Krissel Creager-Lumpkins' recovery inspired by daughter

By Brian Hightower | May 06, 2012, 1 a.m. (ET)

A beautiful image at the U.S. Air Force Academy track in Colorado Springs, Colo., on Friday. Krissel Creager-Lumpkins with a radiant smile, green eyes shining in the Rocky Mountain sun, a 100m bronze medal hanging from her neck, and her bubbly 5-year-old daughter, Micahstia, fixed to her hip.

Life hasn’t looked this idyllic for Krissel in a very long time.  In fact, she’s lived through a nightmare.  At first glance, you’d never know.  And when she talks, so confident and serene, its hard to imagine what she’s been through since that fateful summer day in Utah two years ago. 

It was a combat training exercise.  Just another step toward readiness for a deployment to Africa.  Routine mountain navigation, lots of hiking, teams spread out all over the hillside, and then something went wrong.

As she tells me her story, she is stretching intermittently, staying limber for the 100m race ahead.  Appropriately, she is not only competing in her first Warrior Games presented by Deloitte, but she is taking part in the Ultimate Champion competition, a Paralympic style pentathlon that will crown the most well-rounded athlete of all the service branches. 

When she recalls what happened on that mountain in Utah, it sounds like a version of hell.  In the midst of the training exercise, the hillside below caught fire.  “I didn’t want to burn to death," she tells me.  Forced to run uphill to avoid the flames, she encountered a deluge of water coming at her, meant to control the burn.

She was now being swept downhill by a torrent. This string of bizarre events was then complicated by a malfunction in her Kevlar helmet, which fell off as she careened downhill. Striking her head as she fell, she finally came to rest, motionless.  

There is something indomitable about this woman’s spirit.  It is hard to describe.  It is pervasive at these Games, and is manifest not only in the athletic feats on display, but in the unquantifiable “it” that the competitors have found within themselves.  She has “it”.

And she has needed it. 

Since the accident, Krissel has endured paralysis, a brain aneurism and 10 surgeries. The aneurism is still there.  “They couldn’t get it.  They say it’s shaped like a Smurf’s nose, but it’s impossible to reach.” She points to where it resides, just above her right eye.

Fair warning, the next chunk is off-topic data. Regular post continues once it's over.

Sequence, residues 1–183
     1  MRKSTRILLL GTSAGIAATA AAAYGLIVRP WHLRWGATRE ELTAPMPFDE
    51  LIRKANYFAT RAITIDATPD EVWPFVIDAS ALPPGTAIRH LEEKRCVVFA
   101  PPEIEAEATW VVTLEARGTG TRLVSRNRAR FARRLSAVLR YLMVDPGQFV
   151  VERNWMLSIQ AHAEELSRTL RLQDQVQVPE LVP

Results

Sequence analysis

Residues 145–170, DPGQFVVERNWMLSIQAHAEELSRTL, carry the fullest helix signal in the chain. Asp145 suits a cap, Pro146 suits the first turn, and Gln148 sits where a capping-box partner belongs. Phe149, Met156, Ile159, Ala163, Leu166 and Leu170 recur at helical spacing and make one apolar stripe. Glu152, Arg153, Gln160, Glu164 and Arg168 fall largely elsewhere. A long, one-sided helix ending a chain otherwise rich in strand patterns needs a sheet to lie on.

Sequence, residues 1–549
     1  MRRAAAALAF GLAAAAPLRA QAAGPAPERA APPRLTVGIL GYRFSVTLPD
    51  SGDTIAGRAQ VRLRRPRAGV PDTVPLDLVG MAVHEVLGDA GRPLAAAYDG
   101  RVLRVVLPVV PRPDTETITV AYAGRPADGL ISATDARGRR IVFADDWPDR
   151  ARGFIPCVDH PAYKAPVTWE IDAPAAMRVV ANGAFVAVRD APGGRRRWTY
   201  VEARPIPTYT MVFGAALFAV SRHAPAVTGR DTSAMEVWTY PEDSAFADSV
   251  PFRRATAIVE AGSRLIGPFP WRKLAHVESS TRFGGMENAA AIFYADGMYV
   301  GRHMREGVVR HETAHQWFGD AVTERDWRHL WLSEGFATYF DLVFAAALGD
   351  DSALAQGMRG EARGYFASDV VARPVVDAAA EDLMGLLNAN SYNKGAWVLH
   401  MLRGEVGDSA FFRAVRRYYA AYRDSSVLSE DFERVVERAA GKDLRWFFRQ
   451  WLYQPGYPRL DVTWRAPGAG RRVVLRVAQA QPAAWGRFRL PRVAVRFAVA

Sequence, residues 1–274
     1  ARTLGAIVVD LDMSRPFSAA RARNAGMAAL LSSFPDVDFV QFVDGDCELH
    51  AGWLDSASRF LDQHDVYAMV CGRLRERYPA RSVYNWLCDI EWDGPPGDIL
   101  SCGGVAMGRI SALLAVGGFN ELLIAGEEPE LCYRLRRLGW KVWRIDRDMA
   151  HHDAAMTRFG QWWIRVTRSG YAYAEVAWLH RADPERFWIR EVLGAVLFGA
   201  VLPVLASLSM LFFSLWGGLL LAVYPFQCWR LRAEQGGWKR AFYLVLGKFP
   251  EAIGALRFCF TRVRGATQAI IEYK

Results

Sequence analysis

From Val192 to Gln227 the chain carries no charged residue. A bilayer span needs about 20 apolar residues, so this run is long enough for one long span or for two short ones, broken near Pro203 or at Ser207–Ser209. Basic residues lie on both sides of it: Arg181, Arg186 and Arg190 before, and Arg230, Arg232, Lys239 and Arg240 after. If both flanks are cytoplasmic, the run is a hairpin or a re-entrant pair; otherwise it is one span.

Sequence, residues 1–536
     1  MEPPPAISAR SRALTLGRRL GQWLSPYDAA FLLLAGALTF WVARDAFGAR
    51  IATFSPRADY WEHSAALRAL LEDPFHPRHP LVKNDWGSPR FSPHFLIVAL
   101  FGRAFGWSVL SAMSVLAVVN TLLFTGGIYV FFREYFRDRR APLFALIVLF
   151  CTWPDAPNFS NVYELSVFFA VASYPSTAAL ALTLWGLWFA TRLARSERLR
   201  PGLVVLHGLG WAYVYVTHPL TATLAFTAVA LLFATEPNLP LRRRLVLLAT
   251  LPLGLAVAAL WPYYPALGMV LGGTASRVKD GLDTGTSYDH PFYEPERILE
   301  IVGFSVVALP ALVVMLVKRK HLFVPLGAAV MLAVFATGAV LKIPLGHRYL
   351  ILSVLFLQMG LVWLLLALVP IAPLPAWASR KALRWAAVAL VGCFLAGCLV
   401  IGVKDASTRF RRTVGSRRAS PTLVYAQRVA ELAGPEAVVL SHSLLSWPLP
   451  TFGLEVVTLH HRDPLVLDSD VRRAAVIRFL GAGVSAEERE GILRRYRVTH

Perhaps worse than all of the episodes in the hospital, are the chronic symptoms of traumatic brain injury.  They are lasting and inoperable as well.  Common for people with a TBI are speech problems, depression, migraines, and anger. 

“I was going to 22 doctors appointments a week.” 

She felt defeated.  

Then one day, she knew she needed to change something. The inspiration came from curly-haired little Micahstia, just four years old at the time.  

 “I’d just been laying in bed again, angry.  And she came up to me with a towel and her toy doctor’s kit," Krissel recalled.  “She laid the towel over my forehead, opened her kit and said, ‘I’m going to fix Mommy’s head now.’  I knew right then, I had to do something, for her sake.”

Part of that something was sports. Getting involved in athletics often has healing powers.  Krissel saw a friend compete in the Warrior Games last year, and set her goal to be here this year.  She’s been training for months to make it. Mission accomplished.

At the conclusion of the 2012 Games, Krissel Creager-Lumpkins had the third highest point total in the Ultimate Champion competition. Ultimate or not, this girl is a champion.